Monday, June 22, 2015

The "real story" of how the city works

Hoodline

In yesterday's Chronicle, we learn from Matier & Ross and Willie Brown (below in italics Brown brags about it)---in side-by-side columns in the Bay Area section---how city government works: you have to pay to play. Is anyone really surprised?

Matier Ross write about how "private donors" win City Hall's affections by donating money to pay for the America's Cup, the mayors' conference, the gaudy light system on City Hall, repainting City Hall, etc. No problem, according to the mayor's press secretary: "People have been working hard to raise funds and make sure that city taxpayers weren't left on the hook." Only grouchy old Aaron Peskin questions the practice.

On the same page, Heather Knight writes about how city residents are upset about conditions in the city (Lapses in public services tax San Franciscans’ patience): homelessness, potholes, Muni, poorly maintained parks, etc.

Two weeks ago, we asked City Insider readers what they think of the fact that San Francisco’s budget hit a whopping $9 billion a year — more than the budgets of at least 10 states. Now that more taxes are pouring into city coffers than ever before, do residents think they’re getting their money’s worth? We were surprised by the deluge of e-mails, which continue to roll in, and the very vehement responses. Every single person who wrote had valid complaints, and not one thought city services were up to snuff for one of the richest cities in the world.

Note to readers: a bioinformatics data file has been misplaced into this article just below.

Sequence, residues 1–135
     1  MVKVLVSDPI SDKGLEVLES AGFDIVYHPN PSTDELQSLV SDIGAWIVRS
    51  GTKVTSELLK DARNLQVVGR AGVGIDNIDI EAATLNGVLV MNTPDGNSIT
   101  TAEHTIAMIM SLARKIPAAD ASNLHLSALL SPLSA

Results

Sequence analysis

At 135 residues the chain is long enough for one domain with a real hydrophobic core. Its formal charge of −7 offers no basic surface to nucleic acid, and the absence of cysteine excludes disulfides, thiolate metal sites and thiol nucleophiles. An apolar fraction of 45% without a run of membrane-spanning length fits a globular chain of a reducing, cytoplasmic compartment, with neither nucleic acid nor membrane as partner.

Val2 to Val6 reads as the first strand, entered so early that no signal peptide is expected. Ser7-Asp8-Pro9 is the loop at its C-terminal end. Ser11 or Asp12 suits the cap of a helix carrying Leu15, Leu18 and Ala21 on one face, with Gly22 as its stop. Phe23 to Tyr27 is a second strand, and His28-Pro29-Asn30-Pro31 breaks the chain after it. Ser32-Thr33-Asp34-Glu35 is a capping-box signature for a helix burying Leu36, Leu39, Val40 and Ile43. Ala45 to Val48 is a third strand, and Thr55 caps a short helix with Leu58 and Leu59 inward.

City taxes mostly go to support a growing bureaucracy of 35,771 city workers, one city worker for every 23 city residents!

Willie Brown on big projects, like the Bay Bridge, the Central Subway, and high-speed rail: Dig a hole and fill it with money!

With City Hall turning 100, it’s time to tell the real story of how we got the gold leaf onto its magnificent dome.

It was a few years after the 1989 Loma Prieta earthquake. Part of my agenda when I became mayor was bringing a sense of luster back to San Francisco, and making City Hall once again a true “people’s palace” was at the top of my list.

We got the building seismically upgraded. We got the dingy offices returned to their wood-paneled glory, and the North and South light courts were made into some of the best event rooms in the city. But I could not use a dime of federal earthquake-recovery money to bring real gold back to the dome.

One day, one of the city’s biggest architects, Jeffrey Heller, comes to me and says, “I’m mad as all hell at your planning department for trying to force me to include some kind of public art in this building I’m designing. It just doesn’t fit. Can’t I just give the city some money for art somewhere else?”

Click! The light bulb turned on.

“Where is your building?” I asked.

“Just down the street.”

“Can you see the dome of City Hall from it?” I asked.

“Yes.”

“OK, how about instead of putting this required art piece in a building that only some people will see, we put it on top of City Hall as part of an artwork that everyone can see? And that ‘art’ will be the gold leaf on top of the dome.”

And that’s what we did.

It wasn’t long before every developer with a pending project realized that the quickest path to the front of the approval line was to come in with some gold leaf for City Hall and a paintbrush.

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3 Comments:

At 2:00 AM, Blogger jw2200 said...

I think you mean one city worker for every 23 residents. (And that probably doesn't count the employees of various service organizations that the city funds.)

 
At 9:08 AM, Blogger Rob Anderson said...

Yes, of course. Correction made.

 
At 11:03 PM, Blogger Mark Kaepplein said...

The City of Boston just passed a $2.86 Billion budget for a population in the 650,000 range and fewer years into its anti-car campaign. State laws favor overtime pay for police officers who get construction detail overtime pay, so firefighters supplement incomes in off hours with private sector jobs. SF has much greater diversity in high earning job titles than more traditional Boston!

 

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